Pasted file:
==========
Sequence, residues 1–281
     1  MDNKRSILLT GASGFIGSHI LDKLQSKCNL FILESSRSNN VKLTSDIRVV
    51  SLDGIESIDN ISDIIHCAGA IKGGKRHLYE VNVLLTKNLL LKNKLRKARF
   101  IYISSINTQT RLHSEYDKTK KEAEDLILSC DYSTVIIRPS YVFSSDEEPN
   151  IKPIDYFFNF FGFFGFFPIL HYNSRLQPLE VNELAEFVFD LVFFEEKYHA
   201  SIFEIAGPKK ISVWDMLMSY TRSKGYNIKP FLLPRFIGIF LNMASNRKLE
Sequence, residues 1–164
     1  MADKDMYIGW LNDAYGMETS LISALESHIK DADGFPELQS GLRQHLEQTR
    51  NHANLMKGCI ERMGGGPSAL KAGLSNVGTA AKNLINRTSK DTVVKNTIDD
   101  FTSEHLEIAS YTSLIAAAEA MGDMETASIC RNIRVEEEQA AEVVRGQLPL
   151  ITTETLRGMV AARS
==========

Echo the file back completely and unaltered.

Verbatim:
Sequence, residues 1–281
     1  MDNKRSILLT GASGFIGSHI LDKLQSKCNL FILESSRSNN VKLTSDIRVV
    51  SLDGIESIDN ISDIIHCAGA IKGGKRHLYE VNVLLTKNLL LKNKLRKARF
   101  IYISSINTQT RLHSEYDKTK KEAEDLILSC DYSTVIIRPS YVFSSDEEPN
   151  IKPIDYFFNF FGFFGFFPIL HYNSRLQPLE VNELAEFVFD LVFFEEKYHA
   201  SIFEIAGPKK ISVWDMLMSY TRSKGYNIKP FLLPRFIGIF LNMASNRKLE
Sequence, residues 1–164
     1  MADKDMYIGW LNDAYGMETS LISALESHIK DADGFPELQS GLRQHLEQTR
    51  NHANLMKGCI ERMGGGPSAL KAGLSNVGTA AKNLINRTSK DTVVKNTIDD
   101  FTSEHLEIAS YTSLIAAAEA MGDMETASIC RNIRVEEEQA AEVVRGQLPL
   151  ITTETLRGMV AARS